Are you mentoring the next in line?


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In a fast changing business environment do “I remember when” or “when I was your age” stories have value? My twenty something year old children listen to my stories – sometimes. My twenty something year old direct reports listen. Of course I also do their performance reviews, so they might feel compelled to do so. Do you think these less senior people are occasionally tempted to roll their eyes during some of those business fables? Actually, I’d be surprised if they weren’t because I know I was when I was their age.

I’m not put off by an occasional eye roll. For me it signals that the message has been received, and in truth I probably told that story knowing that would be the reaction. Besides, time goes by fast, meaning it won’t be long before today’s less senior people have eyes rolling at them. That’s the way it’s supposed to work when you’re mentoring the next in line. If you have direct reports what are you doing to mentor them? Mentoring is one of the oldest and most powerful training methods, and is an essential leadership skill. In addition to managing and coaching people, it’s important that you can help others learn, grow and become more effective during their professional development. Here’s what I loved about some of my past mentors:

1. They didn’t provide all the answers. They listened first, and then asked questions while weaving in stories to help me see options without choosing one for me. Yes, sometimes I was tempted to roll my eyes because I just wanted the right answers now and didn’t want to figure out the moral of the story.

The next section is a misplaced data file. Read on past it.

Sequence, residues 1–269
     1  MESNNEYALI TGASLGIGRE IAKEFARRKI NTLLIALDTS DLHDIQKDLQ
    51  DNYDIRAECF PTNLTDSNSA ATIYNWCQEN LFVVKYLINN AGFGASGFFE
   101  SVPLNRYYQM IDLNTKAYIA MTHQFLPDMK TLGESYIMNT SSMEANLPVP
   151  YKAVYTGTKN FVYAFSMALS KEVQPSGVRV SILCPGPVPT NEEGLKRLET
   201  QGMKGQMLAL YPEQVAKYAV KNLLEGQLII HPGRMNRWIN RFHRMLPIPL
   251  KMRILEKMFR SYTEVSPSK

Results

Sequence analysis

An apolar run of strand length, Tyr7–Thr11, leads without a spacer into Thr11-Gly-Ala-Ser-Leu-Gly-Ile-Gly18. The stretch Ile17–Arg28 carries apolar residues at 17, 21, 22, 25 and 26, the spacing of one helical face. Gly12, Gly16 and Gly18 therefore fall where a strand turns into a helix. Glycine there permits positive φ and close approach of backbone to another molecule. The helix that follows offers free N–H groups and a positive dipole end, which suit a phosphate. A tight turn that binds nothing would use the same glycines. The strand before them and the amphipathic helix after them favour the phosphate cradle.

2. They weren’t afraid to let me learn through failure. I can still remember hearing “Alan, sometimes you just have to let people do stupid stuff.” Now don’t get me wrong. I know for a fact that my mentor carefully examined the pros and cons of certain failure. And he wasn’t really calling me stupid. He took stock of the risk and was OK with letting me learn through failure. And learn I did.
3. Coach + Mentor equal an added bonus. Work often has two dimensions. The task at hand (how the job should be performed) for which coaching was just fine. But there can be political elements (how to work with people and functional areas associated with or impacted by an assignment) as well. My coach/mentor’s insight on interpersonal dimensions was extra valuable.
4. They were lifelong learners and inspirational individuals because they led by example. They had a passion for learning and sharing knowledge and their attitude of “the more you give the more you get” was infectious.

My hat is off to our next leaders, and to their mentors. Now, let the story telling and eye rolling begin.

Alan See
Alan See is Principal and Chief Marketing Officer of CMO Temps, LLC. He is the American Marketing Association Marketer of the Year for Content Marketing and recognized as one of the "Top 50 Most Influential CMO's on Social Media" by Forbes. Alan is an active blogger and frequent presenter on topics that help organizations develop marketing strategies and sales initiatives to power profitable growth. Alan holds BBA and MBA degrees from Abilene Christian University.


  1. Great post, Alan. Brings back fond memories. I had the great good fortune to work for my father for many years. Many of the mentoring lessons he taught me are just now sinking in, decades later. These delayed learning reactions are probably typical, and good for mentors to remember when eyes are rolling.

  2. Thanks Brad,

    I also had the opportunity to work for my father while I was in High School. My eyes rolled and at that point in my life I let him see it! But looking back I now realize he was a very savvy business person.


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